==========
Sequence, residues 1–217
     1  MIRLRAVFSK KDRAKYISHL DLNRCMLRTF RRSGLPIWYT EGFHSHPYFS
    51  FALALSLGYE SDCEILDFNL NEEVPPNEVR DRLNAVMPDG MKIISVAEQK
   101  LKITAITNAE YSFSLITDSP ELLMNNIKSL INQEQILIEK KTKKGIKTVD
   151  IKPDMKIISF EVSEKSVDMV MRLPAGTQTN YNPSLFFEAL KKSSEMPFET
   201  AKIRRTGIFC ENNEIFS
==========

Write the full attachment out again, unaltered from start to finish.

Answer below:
Sequence, residues 1–217
     1  MIRLRAVFSK KDRAKYISHL DLNRCMLRTF RRSGLPIWYT EGFHSHPYFS
    51  FALALSLGYE SDCEILDFNL NEEVPPNEVR DRLNAVMPDG MKIISVAEQK
   101  LKITAITNAE YSFSLITDSP ELLMNNIKSL INQEQILIEK KTKKGIKTVD
   151  IKPDMKIISF EVSEKSVDMV MRLPAGTQTN YNPSLFFEAL KKSSEMPFET
   201  AKIRRTGIFC ENNEIFS